• There are at least two good reasons. First, the watchword of the Green Party| is to live within our means, meaning that we should live in as waste-free a way as possible. One aspect of this is that we should live within our financial means. Although the Conservatives like to portray themselves as smart and responsible economic managers, nothing could be further from the truth. They have racked up a $56 billion deficit, they have run a deficit in 91% of their time in federal office, the top 5 deficits in Canadian history were recorded by Conservative governments, and so on. Furthermore, it is not the case that this financial black hole is the product of stimulus spending. Some is, but we were in a structural deficit before the recession hit, due to Tory policies. The Conservatives are, in fact, just the sort of big spending government they like to accuse the other parties of being. The Green Party will eliminate the deficit in 3-4 years. It's in our plan and it is fully costed. We are the party that is most fiscally responsible.
    Second, 35% of Canadians think of environmental issues as among the most imporant problems we face. All the other parties engage in hand waving about these issues. They make big promises, which are promptly placed on the back burner when they get to Ottawa. We will never renege on the responsibility to protect the environmental rights and interests of future generations. This issue is in our DNA. Green MPs will hold the other parties to account on this crucial issue.
  • Byron, The Green Party, specifically Elizabeth May seems to be spending all her time bemoaning not being able to appear on the debate. In fact, I hear very little of her actually speaking about the Green platform and the issues. Don't you think this is a questionable strategy?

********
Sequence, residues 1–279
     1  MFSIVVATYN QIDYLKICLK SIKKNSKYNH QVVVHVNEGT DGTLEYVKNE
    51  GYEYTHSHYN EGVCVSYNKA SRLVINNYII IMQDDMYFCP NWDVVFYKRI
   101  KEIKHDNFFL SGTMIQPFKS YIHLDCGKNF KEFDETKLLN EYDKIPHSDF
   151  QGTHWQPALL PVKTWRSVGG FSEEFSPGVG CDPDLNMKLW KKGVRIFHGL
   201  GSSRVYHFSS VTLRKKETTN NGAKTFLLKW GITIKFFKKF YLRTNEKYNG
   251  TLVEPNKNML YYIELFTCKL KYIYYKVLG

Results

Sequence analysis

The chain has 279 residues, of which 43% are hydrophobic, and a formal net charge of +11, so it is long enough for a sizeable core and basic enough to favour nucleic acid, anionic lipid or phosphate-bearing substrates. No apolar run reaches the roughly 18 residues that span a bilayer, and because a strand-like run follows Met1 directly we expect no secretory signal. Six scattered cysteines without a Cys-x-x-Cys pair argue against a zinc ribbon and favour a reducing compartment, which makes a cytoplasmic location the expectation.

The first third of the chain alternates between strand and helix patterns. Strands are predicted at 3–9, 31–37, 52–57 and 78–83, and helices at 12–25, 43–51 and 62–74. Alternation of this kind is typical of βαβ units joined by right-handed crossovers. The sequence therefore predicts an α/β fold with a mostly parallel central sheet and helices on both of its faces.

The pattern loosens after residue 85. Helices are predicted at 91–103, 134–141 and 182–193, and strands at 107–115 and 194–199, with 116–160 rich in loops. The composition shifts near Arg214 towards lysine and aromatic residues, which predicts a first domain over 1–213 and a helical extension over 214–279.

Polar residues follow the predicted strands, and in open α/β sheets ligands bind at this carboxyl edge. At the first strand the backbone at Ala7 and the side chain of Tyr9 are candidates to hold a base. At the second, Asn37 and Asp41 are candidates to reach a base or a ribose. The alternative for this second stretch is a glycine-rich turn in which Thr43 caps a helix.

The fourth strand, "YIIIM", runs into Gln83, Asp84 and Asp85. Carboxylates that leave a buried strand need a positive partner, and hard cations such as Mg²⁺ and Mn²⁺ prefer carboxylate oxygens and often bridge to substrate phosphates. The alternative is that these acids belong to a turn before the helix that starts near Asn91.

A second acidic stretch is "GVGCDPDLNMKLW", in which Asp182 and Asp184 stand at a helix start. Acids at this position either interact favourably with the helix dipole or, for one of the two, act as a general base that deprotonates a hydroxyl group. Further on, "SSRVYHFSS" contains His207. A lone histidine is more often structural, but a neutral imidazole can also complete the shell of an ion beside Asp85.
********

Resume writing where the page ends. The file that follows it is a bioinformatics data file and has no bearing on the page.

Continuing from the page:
• Hi Thomas, and thanks for your question. First, excluding Elizabeth May from the federal debates IS a big story. It is a fundamentally unfair and undemocratic decision and the other party leaders are hiding behind the "consortium" on this issue. If they wanted to change things, they could, so I hold them responsible for the decision. Second, it is not the case this all Elizabeth is talking about. It may be what the media focuses on, but all you need to do is come to a Green rally to hear her views on a whole variety of issues: jobs, our status in NAFTA, strong and stable federal support for eco-smart municipal growth, F-35s, our health care crisis, and much more. I was at a rally on the weekend, and these are the things she spoke about. She did not mention the debate issue even once.